Cyril Power biography in Biographies from the artzine on artrepublic.com
Cyril Edward Power was an English artist best known for his lively linocuts depicting the speed, movement and flow of modern urban London in the 1920’s and 30’s, his artistic partnership with Canadian artist Sybil Andrews, and for co-founding The Grosvenor School of Modern Art in London in 1925. He was also a successful architect and teacher.
Cyril Power was born in Chelsea, London, the eldest child of an architect father who encouraged his interest in the arts, especially drawing. He followed in the family tradition, became an architect and worked in his father’s practice. He excelled there, and in 1900 won The Sloane Medallion, awarded by the Royal Institute of British Architects for his design for an art school.
In 1904 Power married Dorothy Mary Nunn, with whom he was to raise four children. They lived mostly in London – in Putney and then Catford – but for a period in Bury St. Edmunds, Suffolk, where Power was to meet and then work with life-long friend and fellow artist Sybil Andrews.
Power and Andrews enrolled at Heatherley’s School of Fine Art, London, in 1925. The two artists helped Iain McNab and Claude Flight set up The Grosvenor School of Modern Art in Warwick Square. Andrews became the school secretary and Power the principal lecturer. He taught on the form and structure of buildings; historical ornament; the symbolism and outline of architectural styles. At the school Claude Flight taught the art of linocutting and his classes were attended by his colleagues Power and Andrews and students that came from as far afield as Australia and New Zealand.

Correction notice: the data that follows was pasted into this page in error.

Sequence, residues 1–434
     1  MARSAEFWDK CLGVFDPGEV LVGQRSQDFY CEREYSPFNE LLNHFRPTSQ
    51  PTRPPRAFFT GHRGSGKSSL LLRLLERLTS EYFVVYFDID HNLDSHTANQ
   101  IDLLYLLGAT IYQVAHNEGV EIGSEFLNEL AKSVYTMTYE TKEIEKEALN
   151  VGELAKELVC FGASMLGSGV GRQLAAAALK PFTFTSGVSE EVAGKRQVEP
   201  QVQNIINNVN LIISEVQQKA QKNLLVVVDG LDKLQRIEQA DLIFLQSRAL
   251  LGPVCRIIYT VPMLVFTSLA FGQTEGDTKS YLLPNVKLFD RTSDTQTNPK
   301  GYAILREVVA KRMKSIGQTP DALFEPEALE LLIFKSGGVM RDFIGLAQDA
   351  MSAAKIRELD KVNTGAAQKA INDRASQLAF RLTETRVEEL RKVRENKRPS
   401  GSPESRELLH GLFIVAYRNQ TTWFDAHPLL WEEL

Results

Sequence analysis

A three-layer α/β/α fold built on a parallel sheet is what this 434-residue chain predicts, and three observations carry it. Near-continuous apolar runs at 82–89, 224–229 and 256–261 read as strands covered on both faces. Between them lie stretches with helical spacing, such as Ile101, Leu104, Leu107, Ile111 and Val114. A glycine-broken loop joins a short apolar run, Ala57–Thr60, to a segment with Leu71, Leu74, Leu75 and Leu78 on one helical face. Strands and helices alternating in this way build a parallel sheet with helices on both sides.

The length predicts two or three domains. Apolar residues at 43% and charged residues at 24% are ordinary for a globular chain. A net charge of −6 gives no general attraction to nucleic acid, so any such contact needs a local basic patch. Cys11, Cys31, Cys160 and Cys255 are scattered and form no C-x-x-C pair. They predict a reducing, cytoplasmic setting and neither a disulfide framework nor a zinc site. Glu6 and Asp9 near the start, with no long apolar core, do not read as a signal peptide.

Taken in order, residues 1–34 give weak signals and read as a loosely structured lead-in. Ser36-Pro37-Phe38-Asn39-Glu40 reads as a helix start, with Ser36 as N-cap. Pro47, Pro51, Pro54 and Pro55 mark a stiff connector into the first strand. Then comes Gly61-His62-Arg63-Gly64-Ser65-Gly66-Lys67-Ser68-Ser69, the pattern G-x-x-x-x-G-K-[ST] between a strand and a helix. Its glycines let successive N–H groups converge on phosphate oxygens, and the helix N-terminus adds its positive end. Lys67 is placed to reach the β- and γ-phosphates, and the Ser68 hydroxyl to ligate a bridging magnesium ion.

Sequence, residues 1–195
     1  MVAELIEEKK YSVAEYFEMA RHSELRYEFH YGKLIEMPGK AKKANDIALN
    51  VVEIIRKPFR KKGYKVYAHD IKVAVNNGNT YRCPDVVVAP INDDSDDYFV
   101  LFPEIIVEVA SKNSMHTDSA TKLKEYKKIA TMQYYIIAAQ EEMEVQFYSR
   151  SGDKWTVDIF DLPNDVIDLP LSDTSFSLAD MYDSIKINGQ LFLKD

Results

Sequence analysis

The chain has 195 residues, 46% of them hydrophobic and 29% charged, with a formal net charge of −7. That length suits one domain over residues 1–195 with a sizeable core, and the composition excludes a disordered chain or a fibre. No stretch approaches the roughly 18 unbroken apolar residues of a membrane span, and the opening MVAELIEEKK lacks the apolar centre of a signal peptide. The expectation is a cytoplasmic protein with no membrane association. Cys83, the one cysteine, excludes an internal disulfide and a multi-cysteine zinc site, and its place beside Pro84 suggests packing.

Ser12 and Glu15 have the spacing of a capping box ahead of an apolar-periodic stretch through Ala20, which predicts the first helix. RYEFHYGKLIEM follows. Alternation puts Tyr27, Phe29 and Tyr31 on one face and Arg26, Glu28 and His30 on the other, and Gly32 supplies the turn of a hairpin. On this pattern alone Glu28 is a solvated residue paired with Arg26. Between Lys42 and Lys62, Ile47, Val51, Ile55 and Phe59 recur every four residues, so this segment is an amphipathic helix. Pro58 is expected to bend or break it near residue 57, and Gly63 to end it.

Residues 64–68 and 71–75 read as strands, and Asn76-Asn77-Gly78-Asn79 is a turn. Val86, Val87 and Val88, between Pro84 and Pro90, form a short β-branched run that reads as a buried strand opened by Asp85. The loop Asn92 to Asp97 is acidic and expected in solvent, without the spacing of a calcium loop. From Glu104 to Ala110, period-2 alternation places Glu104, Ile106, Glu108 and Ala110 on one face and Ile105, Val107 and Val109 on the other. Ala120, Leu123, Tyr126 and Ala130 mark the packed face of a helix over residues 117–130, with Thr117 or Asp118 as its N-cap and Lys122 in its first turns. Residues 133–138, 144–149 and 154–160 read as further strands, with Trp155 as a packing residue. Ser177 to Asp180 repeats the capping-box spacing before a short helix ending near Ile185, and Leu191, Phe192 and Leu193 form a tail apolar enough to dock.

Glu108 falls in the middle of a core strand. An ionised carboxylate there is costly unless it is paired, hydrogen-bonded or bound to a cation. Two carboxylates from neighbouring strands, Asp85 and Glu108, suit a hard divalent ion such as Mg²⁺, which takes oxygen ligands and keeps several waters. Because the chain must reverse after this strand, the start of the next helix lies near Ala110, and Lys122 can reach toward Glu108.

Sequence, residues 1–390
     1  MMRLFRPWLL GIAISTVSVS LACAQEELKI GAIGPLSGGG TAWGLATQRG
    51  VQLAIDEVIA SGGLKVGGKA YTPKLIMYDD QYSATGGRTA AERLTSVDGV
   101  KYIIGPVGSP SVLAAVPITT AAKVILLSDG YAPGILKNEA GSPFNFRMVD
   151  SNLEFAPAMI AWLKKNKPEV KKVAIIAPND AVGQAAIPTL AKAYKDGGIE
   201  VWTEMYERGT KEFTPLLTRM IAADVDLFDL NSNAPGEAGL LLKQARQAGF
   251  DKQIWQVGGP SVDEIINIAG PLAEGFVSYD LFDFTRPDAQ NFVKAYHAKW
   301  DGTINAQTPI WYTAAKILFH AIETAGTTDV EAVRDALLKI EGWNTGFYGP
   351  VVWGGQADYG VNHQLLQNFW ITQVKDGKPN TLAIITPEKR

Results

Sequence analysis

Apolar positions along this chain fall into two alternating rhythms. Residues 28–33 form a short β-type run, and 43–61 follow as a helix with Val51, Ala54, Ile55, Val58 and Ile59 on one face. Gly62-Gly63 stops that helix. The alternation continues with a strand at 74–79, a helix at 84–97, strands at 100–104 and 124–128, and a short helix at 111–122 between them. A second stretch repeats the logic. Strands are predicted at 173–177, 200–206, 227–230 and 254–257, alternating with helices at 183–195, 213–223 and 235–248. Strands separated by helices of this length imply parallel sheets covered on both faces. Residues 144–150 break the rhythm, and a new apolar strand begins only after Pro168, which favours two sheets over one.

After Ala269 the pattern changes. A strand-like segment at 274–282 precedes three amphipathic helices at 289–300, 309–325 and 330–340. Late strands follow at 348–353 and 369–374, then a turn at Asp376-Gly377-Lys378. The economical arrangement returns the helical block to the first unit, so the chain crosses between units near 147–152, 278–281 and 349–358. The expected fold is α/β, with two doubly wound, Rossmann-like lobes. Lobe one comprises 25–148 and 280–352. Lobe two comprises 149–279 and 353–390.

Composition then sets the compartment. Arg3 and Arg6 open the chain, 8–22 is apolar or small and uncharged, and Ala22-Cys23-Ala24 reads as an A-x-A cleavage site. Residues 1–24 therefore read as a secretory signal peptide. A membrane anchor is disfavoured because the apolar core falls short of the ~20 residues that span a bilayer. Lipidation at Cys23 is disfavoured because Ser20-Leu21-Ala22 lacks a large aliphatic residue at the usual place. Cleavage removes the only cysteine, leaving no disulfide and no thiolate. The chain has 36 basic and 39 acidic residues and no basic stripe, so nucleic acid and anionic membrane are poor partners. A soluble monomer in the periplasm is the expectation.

Around this time Cyril Power and Sybil Andrews began co-authoring prints together under the name Andrew Power. In June 1929, Claude Flight and his associates held an exhibition, the ‘First Exhibition of British Lino-Cuts’ at the Redfern and The Ward Gallery, London. These attracted considerable interest, and commissions for Power’s and Andrew’s work came in from The London Passenger Transport Board.
Frank Pick, the Deputy Chairman of the Underground Electric Railways Company of London commissioned a series of posters. These were created based on the theme of sporting venues reached via the London Underground system and were all signed ‘Andrew Power’. This series lead to further sporting posters and an interest in speed and movement in his work became evident.
In 1930 Power was elected member of the Royal Society of British Artists and established a studio with Andrews in Hammersmith close to the River Thames, a location which inspired many prints by both artists, most notably 'The Eight' by Power and 'Bringing in the Boat' by Sybil Andrews. Architecture was the subject of many of Power’s linocuts, as well as speed, movement, modernity and the urban environment. One of his favourite subjects was the London Underground, a symbol of the modern industrial age, and his print of the newly opened Bank Road Tube Station, ‘The Tube Station’, is one of his most celebrated works.
At the outbreak of World War II, Power was attached to a Heavy Rescue Squad as a surveyor. In the later years of his life, he continued to teach and work, in oils principally. In this period he produced some ninety paintings. He died aged seventy-eight in May 1951 in London.
Works by Cyril Power are held in public collections around the world, including the British Museum, Auckland City Art Gallery, Fine Arts Museum of San Francisco, National Gallery of Australia, New York Public Library, Art Gallery of Ontario, National Art Gallery of New Zealand and London Transport Museum.
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